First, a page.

When I first bought my mare, seven years ago, she was shod. Shortly after, she was needing a trim and the shoes came off. I had researched and asked people in the know about shoes vs no shoes and since it was getting close to winter, I decided no shoes for now. Besides if I put shoes on her it was around $75. I believe at that time. It wasn’t in the budget.

The next time she needed a trim I’d done more research and had decided she didn’t need shoes, her hooves were fine, and I was going to let her go barefoot.

Now I know a bit more about it and I’m glad I’ve went with this decision. I have not had any problems with my mare going shoeless. Even if I could afford shoes I would definitely opt for shoeless. I appreciate the naturalness of my horse going barefoot.

I know there are some who do have hoof problems and horsemen say the shoes have helped the situation, but maybe there is another and better solution.

Poppy out in the pasture with no shoes.
Poppy out in the pasture with no shoes.

Pros and Cons

My pro and con section here seems to be all pro for going barefoot. You decide.

Horses in the wild wear their hooves naturally on the rocks and ground and their natural wandering around.

Domestic horses can suffer from long toes, high heels, and all around poor health as far as their hooves are concerned. A lot of it being because they are shod and don’t get the exercise they need as a horse.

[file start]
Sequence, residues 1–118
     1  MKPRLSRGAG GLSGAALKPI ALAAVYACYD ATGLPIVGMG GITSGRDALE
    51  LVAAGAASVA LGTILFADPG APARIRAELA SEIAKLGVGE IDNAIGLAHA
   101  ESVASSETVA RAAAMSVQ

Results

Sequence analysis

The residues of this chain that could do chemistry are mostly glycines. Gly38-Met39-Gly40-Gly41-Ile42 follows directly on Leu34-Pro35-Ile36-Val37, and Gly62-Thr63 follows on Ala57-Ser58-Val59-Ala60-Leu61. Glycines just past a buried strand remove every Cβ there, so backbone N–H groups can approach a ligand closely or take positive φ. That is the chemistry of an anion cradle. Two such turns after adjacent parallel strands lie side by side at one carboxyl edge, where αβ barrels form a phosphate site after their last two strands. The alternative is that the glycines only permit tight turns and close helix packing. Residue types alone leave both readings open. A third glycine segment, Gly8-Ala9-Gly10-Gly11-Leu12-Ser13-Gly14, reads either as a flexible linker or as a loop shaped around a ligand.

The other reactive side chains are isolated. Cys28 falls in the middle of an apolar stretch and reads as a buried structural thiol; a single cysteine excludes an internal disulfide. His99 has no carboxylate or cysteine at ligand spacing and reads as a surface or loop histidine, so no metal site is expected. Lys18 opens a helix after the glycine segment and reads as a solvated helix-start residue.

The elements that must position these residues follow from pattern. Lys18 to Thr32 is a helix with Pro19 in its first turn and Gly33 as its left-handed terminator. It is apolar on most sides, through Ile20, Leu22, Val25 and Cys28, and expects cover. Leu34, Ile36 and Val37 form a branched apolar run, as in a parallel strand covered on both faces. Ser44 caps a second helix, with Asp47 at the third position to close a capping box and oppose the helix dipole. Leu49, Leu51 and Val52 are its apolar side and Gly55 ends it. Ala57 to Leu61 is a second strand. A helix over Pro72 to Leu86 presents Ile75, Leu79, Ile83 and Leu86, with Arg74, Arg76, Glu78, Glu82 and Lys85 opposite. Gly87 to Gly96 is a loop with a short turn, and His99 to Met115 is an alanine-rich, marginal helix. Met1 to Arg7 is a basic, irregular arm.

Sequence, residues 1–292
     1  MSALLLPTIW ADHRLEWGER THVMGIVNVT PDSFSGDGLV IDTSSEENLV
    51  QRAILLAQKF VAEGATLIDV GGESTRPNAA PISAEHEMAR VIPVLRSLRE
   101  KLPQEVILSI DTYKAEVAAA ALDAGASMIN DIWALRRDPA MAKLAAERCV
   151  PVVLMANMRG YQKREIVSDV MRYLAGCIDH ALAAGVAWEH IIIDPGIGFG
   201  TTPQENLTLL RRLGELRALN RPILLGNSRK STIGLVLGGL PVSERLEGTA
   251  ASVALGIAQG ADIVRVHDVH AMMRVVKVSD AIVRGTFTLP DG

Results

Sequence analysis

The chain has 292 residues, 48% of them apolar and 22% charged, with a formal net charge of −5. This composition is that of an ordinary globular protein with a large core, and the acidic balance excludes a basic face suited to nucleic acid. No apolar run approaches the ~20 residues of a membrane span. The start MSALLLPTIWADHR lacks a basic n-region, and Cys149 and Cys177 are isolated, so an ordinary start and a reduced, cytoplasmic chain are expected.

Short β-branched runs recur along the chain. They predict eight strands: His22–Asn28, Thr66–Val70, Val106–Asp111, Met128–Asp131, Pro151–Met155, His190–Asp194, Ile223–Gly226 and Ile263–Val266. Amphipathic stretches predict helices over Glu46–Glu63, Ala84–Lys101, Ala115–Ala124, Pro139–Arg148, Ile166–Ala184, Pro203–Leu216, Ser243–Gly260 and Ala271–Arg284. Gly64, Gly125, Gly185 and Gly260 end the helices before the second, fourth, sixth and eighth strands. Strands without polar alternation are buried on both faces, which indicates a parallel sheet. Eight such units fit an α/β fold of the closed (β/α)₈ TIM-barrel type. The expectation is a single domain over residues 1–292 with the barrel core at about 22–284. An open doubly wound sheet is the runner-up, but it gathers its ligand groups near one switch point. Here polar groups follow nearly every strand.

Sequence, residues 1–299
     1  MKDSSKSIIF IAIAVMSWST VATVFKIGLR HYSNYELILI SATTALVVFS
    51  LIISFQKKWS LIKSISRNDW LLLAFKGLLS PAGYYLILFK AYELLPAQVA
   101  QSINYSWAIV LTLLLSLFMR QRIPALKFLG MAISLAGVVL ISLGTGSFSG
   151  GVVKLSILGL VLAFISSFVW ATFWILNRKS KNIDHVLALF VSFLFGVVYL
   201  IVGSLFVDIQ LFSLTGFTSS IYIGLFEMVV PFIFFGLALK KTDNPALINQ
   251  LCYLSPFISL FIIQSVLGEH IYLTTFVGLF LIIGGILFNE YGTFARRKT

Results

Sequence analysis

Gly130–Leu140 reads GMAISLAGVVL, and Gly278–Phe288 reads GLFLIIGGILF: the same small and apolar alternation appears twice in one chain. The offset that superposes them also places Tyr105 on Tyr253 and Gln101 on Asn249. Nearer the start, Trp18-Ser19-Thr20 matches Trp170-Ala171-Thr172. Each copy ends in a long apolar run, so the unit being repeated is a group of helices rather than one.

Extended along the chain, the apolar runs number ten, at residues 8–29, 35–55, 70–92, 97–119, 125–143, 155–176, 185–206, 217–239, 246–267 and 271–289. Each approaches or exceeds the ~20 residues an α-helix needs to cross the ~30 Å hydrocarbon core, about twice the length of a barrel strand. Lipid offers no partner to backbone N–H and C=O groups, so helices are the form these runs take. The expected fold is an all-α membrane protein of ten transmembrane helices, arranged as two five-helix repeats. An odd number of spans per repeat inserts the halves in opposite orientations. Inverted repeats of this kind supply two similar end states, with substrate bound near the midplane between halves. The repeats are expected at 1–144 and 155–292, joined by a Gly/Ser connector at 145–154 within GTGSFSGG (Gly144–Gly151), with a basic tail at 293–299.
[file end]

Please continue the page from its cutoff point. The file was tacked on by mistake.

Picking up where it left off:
A lot of horsemen think their horses are protected by shoes because of sports activity they are involved in or general work they put their horses through on a sometimes daily basis.

It is said that for a horse to have a healthy hoof they need to let the frog do its job which is being a shock absorber and let the hoof thrive and grow and get the blood pumping through the hooves.

Navicular syndrome is a malady that may be associated with a shod horse. Wild horses are known to not suffer with this injury.

The syndrome occurs when the shoe is nailed on forcing stress to the navicular bone. Nailing the shoe on, too, causes a numbness in the hoof and the horse doesn’t feel pain, but there is definite damaged nerves and is not a good situation.